The satellite’s nickname was “Big Bird,” and it was formally known as the KH-11. The surveillance satellite was one of a kind, developed in secret to provide visual surveillance for the U.S. intelligence community. The KH-11 reportedly could capture a one-foot-by-one foot square from an altitude of 100 miles, the ultimate “spy satellite.” The first of the KH-11 series of satellites launched on December 19, 1976 from Vandenberg AFB aboard a Titan III.
In March 1977, William Peter Kampiles, began his stint as a GS-7, junior watch officer in the CIA’s operations center. The duties assigned to the employee, then 23-years of age, were to monitor the routing and distribution of classified incoming and outgoing correspondence (cables, reports, etc.). In 1977, the operations center hosted approximately 65 employees, and Kampiles was among the most junior. His salary in 1977 was $11,523 per year.
The pneumatic tubes of CIA
Message traffic within the CIA Headquarters at this time was largely a manual affair. Cables were received, copies printed, and then the ops center would collate the right number of copies to match the expected distribution. Computers were on the way, but they hadn’t arrived just yet. The CIA used the famous (or infamous) pneumatic tube message distribution system for high-speed coordination system within the Original Headquarters Building (there were over 30 miles of 4-inch tube in the building). The operations center to which Kampiles was assigned was the hub for the distribution of paper to the various offices within CIA Headquarters. The operations center also housed cabinets of manuals, some of which were Top Secret, which might be needed in an emergency.
Kampiles – I’ll show you
Kampiles, a college grad, fluent in Greek, found the work mundane and boring. His first performance review after six months wasn’t stellar. This didn’t help him in his quest to become an operations officer. Indeed, it wasn’t long before he realized his goal would not become a reality. With the ops officer door closed, Kampiles decided to resign from the Agency.
But he wasn’t done yet, before he resigned in November 1977, he secreted out of the building “Copy 155” of the KH-11 manual within his coat. His subterfuge no doubt was to be certain that it would not be discovered by a random bag/package check at the building exits, designed to thwart employees from taking classified material out of the building in an unapproved manner.
Kampiles – Secret Squirrel intrigue
He then traveled to Greece on February 19, 1978 for a “vacation” where he took with him the KH-11 manual.
In late February, he walked into the Soviet Embassy and volunteered to be a source within the CIA for the Russians.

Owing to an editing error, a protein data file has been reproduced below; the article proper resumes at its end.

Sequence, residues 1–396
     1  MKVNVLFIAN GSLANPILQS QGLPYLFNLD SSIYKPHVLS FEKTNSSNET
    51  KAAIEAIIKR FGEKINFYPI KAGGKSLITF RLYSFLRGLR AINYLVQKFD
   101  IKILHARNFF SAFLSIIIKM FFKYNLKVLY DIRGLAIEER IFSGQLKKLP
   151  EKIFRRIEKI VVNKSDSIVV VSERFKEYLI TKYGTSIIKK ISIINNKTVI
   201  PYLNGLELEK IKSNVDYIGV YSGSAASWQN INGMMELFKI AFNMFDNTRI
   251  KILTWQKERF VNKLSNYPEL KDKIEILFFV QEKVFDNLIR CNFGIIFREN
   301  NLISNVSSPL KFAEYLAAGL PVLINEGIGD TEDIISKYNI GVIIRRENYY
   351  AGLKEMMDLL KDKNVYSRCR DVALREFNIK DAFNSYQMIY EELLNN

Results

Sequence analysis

He was told to come back the next day. When he returned, he was met by Michael Zavali, a military attaché and GRU intelligence officer.
Over the course of four meetings, all of which occurred in Athens with the GRU, he provided to Zavali the KH-11 manual, received some perfunctory operational training on signal sites and meeting methodology and given tasking. He had demanded $10,000 for the manual, but in the end, he accepted $3000, and the offer of a long-term engagement as a source for the GRU. Exactly what Kampiles was hoping would happen – he was on his way to completing his “Secret Squirrel” scenario.
Kampiles a “Double Agent.”
Kampiles returned to the Chicago area on March 5, 1978, and noodled how to reach into the CIA, as their new “double agent.”
In the late-spring / early-summer of 1978, Kampiles, wrote to a CIA friend, George Joannides and described how he had conned the Soviets out of $3,000 while in Greece. Joannides did not immediately report receipt of the letter. In late-July, he “remembered” the letter and turned it over to the Soviet Section of the CIA. The FBI was contacted, and Kampiles was invited by Joannides to travel, on CIA’s nickel to Washington D.C. for an interview on August 14, 1978.
Over the course of the next few days, Kampiles was interviewed by a joint FBI/CIA team during which he confessed and shared how his motives were for the country. Kampiles saw himself as the ultimate “double agent” – a patriot. The interviews concluded, and he was allowed to return to the Chicago area on August 16.
Kampiles the convict
On August 17, Kampiles was arrested in Munster, IN and charged with six counts of espionage. His November 1978 trial lasted but two weeks. Both the defense and prosecution agreed – Kampiles’ motivation for meeting with the Russians was “he hoped that after making contact, the CIA would be more likely to hire him as a double agent.” He saw the sale of the KH-11 manual as a means to his desired end.
The jury found Kampiles guilty on November 17, 1978, and he was sentenced to 40 years in prison.
William Kampiles was released from the federal prison in Rochester, MN on December 16, 1996, just before his 42nd birthday.